20th International AIDS Conference - Melbourne, Australia


WEPE045 - Poster Exhibition

HIV viral load monitoring frequency and risk of treatment failure among immunologically stable HIV-infected patients prescribed ART

B. Young1,2, R. Debes3, K. Buchacz4, M. Scott2, F. Palella5, J. Brooks4, HIV Outpatient Study (HOPS) Investigators

1International Association of Providers of AIDS Care, Washington DC, United States, 2APEX Family Medicine, Denver, United States, 3Cerner Corporation, Vienna, United States, 4Centers for Disease Control and Prevention, Division of HIV/AIDS Prevention, Atlanta, United States, 5Northwestern University, Chicago, United States

Background: U.S. government guidelines recommend plasma HIV RNA viral load (VL) testing every six months for patients who, while prescribed effective antiretroviral therapy (cART), remain virologically suppressed for at least two years. To assess whether VL monitoring frequency was associated with differential outcomes, we examined rates of subsequent virologic failure (VF) among immunologically stable and virologically suppressed patients prescribed cART, comparing patients who underwent VL testing up to two times per year with those with more frequent VL testing.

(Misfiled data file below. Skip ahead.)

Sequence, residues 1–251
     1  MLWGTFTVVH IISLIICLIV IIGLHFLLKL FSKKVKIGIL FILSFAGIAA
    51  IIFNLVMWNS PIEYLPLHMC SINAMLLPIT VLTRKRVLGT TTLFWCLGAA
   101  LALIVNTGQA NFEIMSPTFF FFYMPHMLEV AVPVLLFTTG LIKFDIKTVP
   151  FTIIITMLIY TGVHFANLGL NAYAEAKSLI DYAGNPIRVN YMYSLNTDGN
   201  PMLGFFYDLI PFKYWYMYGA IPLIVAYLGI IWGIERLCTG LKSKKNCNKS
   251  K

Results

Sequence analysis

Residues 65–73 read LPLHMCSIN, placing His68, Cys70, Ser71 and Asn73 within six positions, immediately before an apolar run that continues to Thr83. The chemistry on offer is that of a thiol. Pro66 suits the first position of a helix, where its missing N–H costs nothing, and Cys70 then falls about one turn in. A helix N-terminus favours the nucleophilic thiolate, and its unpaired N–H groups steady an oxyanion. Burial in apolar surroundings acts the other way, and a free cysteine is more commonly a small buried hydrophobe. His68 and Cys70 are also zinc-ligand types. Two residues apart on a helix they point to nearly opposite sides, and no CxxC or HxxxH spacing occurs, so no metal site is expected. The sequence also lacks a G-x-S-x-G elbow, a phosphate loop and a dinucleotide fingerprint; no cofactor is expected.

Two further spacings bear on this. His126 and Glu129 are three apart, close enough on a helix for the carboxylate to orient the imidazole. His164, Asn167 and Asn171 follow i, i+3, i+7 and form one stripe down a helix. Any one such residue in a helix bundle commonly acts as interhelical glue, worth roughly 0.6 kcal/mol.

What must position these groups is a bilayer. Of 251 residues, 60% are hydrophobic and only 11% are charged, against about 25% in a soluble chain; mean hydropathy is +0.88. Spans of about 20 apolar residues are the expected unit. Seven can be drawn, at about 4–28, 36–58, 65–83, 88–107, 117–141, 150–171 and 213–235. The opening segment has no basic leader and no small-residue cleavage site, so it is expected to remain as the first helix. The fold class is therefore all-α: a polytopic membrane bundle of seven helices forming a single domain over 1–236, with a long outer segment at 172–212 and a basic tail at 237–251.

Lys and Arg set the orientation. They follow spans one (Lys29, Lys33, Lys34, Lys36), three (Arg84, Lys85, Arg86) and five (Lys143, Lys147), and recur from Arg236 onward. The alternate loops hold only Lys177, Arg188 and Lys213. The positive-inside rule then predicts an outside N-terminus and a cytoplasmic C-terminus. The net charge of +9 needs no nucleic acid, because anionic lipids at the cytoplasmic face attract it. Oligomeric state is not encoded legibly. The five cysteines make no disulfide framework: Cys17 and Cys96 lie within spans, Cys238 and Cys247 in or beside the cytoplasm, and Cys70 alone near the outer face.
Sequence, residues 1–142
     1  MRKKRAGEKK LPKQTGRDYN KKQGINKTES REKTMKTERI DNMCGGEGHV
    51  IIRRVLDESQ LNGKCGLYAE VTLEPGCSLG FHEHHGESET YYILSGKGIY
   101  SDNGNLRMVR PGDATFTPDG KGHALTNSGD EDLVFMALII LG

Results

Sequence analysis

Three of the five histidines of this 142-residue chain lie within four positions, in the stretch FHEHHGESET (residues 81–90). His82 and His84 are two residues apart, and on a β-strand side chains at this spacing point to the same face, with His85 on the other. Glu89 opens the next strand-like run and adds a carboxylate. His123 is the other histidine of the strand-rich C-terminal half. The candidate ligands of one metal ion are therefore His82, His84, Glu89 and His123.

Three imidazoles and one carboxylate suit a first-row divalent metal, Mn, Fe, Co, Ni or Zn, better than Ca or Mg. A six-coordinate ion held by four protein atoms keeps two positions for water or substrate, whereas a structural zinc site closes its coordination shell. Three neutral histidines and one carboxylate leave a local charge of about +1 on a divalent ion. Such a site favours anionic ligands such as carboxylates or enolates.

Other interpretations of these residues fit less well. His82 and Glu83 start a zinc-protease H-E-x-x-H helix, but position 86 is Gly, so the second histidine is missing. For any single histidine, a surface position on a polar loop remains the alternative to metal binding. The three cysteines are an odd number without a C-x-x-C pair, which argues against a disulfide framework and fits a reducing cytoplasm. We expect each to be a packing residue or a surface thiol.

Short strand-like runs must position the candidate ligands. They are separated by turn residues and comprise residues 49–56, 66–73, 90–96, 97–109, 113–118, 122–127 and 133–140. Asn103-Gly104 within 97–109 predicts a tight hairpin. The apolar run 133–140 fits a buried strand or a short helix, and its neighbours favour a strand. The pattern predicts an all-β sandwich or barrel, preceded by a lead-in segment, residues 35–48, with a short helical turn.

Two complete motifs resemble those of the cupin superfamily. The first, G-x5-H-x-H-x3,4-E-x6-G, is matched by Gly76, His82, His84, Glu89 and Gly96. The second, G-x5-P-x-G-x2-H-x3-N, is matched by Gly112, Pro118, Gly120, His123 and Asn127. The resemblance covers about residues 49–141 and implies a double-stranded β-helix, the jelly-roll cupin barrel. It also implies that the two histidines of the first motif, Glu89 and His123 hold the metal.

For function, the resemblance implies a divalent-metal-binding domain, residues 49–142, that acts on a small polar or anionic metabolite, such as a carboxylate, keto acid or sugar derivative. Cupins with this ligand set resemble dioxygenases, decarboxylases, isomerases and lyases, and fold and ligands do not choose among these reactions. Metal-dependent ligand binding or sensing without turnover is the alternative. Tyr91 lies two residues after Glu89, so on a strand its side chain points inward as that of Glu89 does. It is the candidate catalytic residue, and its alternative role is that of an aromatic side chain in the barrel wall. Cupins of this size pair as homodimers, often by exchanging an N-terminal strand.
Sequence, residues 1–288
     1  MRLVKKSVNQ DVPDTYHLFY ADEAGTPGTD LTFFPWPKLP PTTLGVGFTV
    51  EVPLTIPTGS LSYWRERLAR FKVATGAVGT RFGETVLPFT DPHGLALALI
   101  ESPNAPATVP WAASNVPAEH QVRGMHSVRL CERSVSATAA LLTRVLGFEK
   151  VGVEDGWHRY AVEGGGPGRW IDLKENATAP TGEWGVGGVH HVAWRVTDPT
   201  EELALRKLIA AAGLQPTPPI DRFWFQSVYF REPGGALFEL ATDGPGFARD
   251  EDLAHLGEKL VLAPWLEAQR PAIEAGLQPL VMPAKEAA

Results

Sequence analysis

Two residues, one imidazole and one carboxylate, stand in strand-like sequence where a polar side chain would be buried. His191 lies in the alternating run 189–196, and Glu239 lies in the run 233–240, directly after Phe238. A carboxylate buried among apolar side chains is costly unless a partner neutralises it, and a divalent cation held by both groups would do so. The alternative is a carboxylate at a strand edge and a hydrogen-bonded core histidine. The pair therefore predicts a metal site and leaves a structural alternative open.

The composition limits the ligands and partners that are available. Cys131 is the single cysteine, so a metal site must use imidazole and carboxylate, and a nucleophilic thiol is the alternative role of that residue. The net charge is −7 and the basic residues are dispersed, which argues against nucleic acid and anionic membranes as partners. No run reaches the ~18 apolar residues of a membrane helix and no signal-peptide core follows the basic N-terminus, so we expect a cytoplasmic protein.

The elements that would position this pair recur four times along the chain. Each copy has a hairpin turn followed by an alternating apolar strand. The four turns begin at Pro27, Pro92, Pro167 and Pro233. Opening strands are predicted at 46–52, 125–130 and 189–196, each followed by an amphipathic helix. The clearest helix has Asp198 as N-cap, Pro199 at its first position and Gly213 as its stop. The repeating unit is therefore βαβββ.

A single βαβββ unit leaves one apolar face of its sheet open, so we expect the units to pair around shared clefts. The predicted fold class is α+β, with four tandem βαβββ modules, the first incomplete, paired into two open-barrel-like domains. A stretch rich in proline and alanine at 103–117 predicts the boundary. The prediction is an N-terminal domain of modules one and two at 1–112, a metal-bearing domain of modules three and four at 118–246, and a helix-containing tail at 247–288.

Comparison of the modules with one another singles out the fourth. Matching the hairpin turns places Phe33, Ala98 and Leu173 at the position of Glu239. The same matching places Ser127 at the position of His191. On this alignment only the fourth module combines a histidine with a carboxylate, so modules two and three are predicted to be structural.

Methods: Using data from the HIV Outpatient Study (HOPS), we included patients enrolled from 1993 to 2013 who were not participating in clinical trials, had been prescribed cART for at least two years and maintained VL < 50 copies/mL during that time period, the end of which marked the start of observation (index date, ID) for VF. We required CD4 cell count (CD4) closest to ID during the prior six months to be ≥350 (≥50) cells/mm3. Eligible patients underwent at least one VL test both one year before and after the ID. We defined “less frequent” VL testing as one or two tests/year and “more frequent” testing as greater than two tests/year. VF was defined as any VL ≥200 c/mL within the first year after ID.
Results: Among 1,625 participants, at ID the median (interquartile range [IQR]) age was 48 years (42, 66), 83% were male, median CD4 was 661 cells/mm3 (511, 864). The 1,013 (62%) participants with frequent VL testing and 612 (38%) participants with less frequent VL testing did not differ by age, race/ethnicity, CD4 nadir, or duration of ART. VF was observed among 128 participants: 46 (8%) of less frequent testers and 82 (8%) of more frequent testers (p=0.67). In multivariate modeling, neither VL testing frequency, HIV transmission risk factor, class of ART, or year of ART initiation were associated with VF.
Conclusions: In this large cohort of prospectively followed, immunologically stable and virologically suppressed HIV-infected persons receiving cART, less frequent VL testing was not associated with higher frequency of virologic failure compared with more frequent testing, findings which support current U.S. recommendations for less frequent VL monitoring among effectively treated patients.

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